Dr. White will share the most recent and compelling research on the effect of alcohol on the developing brain. He brings together a developmental understanding of the adolescent and the structural changes that the brain undergoes which affects behavioral choices. Registrants will learn how early alcohol use can be damaging to the critical developmental process occurring in the brain and the necessity to deter underage drinking.


Multiculturalism is Easier Said Than Done

(A/K/A Having bilingual  brochures is not enough)
 
How have you connected to your neighbors?
The Substance Abuse and Mental Health Services Administration (SAMHSA) will be sponsoring its 2nd Annual National Prevention Week from May 12-18, 2013.  This week-long event was created to spotlight community events that inform and educate the public about the dangers and consequences associated with unhealthy behaviors including underage drinking, substance abuse, obesity and nutrition, and problem gambling; and promote mental, emotional, and behavioral well-being

In preparation for NPW, SAMHSA is looking to expand its outreach to involve different ethnicities and cultural groups and has requested the assistance of local community organizations to provide ideas on reaching people where they "work, live, and play." 

Since reaching a balanced approach to cultural diversity tends to be an issue that most community based organizations and groups have to confront on a regular basis, this would be a excellent opportunity to hear from you about ways your agency or group has been able to reach other ethnic, cultural, or religious groups in the neighborhood.
 
Post your comments below on how you've connected to other ethnicities in your neighborhood....
Specifically,


·         What tactics have worked for your organization, to reach multicultural audiences? 
·         Is it important to translate materials?
·         What media is most important to your communities when looking for news? 
o   Radio?  If so, what networks?
o   English-language news sites?  If so, what sites?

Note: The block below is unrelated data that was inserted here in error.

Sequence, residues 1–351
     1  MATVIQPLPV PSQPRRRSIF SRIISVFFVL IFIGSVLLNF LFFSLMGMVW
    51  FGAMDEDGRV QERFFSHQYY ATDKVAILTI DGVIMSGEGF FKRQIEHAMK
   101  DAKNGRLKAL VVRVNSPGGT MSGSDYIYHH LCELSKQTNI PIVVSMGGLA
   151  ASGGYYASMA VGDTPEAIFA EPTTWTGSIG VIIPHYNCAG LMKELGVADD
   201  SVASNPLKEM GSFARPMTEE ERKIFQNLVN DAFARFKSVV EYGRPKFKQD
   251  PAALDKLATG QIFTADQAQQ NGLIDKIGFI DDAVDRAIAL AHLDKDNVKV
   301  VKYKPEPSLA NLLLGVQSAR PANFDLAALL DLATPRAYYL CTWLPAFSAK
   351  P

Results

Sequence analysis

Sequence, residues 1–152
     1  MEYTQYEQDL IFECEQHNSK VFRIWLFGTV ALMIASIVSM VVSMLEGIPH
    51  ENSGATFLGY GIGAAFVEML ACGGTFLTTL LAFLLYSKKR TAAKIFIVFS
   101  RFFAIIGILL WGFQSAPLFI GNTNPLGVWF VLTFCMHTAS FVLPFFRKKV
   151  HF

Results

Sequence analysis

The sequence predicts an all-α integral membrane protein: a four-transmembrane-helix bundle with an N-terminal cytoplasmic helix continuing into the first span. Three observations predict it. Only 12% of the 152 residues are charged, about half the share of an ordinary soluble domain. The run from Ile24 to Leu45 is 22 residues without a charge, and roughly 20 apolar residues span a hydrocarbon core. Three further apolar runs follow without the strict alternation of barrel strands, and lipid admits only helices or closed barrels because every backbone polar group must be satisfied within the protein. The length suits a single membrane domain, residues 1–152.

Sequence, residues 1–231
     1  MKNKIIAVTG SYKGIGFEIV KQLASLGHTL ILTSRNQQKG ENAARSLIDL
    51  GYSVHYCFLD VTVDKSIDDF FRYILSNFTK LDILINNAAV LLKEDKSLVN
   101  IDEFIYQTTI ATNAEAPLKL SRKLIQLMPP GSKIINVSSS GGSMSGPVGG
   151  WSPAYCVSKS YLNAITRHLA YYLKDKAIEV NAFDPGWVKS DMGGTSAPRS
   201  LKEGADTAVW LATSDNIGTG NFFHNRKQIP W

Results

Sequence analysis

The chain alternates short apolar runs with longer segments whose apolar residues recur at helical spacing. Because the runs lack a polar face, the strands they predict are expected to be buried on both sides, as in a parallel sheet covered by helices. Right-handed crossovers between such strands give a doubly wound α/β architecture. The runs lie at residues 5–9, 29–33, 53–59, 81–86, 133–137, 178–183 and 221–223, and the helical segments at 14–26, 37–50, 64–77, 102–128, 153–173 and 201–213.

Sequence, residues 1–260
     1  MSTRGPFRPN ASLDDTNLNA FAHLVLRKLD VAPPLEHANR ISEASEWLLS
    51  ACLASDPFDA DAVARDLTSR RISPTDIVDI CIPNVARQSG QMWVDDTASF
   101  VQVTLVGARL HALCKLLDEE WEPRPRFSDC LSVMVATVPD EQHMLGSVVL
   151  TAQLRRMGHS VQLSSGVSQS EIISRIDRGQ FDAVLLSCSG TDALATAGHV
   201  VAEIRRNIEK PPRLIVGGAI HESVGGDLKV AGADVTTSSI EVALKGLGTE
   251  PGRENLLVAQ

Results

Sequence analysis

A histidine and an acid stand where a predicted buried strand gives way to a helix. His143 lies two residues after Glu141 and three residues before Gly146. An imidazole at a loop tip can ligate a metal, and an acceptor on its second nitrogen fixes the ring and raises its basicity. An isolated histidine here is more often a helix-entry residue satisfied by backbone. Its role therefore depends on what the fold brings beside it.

o   Multicultural news sites?  If so, what sites?
·         What national multicultural organizations do you trust, or have worked with successfully in the past?
 


Friday, November 30, 2012

Drugs & Alcohol Tied to Strokes in Young Adults

A new study reported that young adults that suffered strokes were often smokers or had abused drugs and alcohol in their lifetime.

Conducted in Ohio and Kentucky, the findings indicated that long term damage to the heart, blood, and arteries resulted from heavy drug use or drinking and put substance abusers at a higher than average risk earlier in life.

"According to the Centers for Disease Control and Prevention, close to 800,000 people in the United States have a stroke every year, and strokes are the most common cause of serious long-term disability. One study of 2007 data found that almost five percent of people who had a stroke that year were between ages 18 and 44."
The current study included people from Greater Cincinnati and Northern Kentucky who'd had a stroke before they hit 55.

Dr. Brett Kissela from the University of Cincinnati and his colleagues reviewed medical charts for blood or urine test results or other records of substance abuse for close to 1,200 stroke patients.

In 2005, the most recent year covered, just over half of younger adults who suffered a stroke were smokers at the time, and one in five used illicit drugs, including marijuana and cocaine. Thirteen percent of people had used drugs or alcohol within 24 hours of their stroke, according to findings published in the American Heart Association journal Stroke.

"The rate of substance abuse, particularly illicit drug abuse, is almost certainly an underestimate because toxicology screens were not obtained on all patients," said Dr. Steven Kittner, a professor of neurology at the University of Maryland School of Medicine in Baltimore who also wasn't part of the research team.

"It's certainly underreported," he told Reuters Health.